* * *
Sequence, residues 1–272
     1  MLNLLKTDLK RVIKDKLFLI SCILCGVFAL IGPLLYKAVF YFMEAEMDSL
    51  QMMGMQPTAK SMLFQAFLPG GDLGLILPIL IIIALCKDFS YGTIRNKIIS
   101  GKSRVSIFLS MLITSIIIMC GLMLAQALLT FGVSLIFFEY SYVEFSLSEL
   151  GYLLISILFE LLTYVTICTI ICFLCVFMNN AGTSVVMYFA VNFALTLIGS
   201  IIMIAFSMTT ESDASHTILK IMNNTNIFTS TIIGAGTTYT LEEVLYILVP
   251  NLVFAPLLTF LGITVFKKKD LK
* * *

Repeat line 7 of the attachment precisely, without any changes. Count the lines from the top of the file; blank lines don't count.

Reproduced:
   251  NLVFAPLLTF LGITVFKKKD LK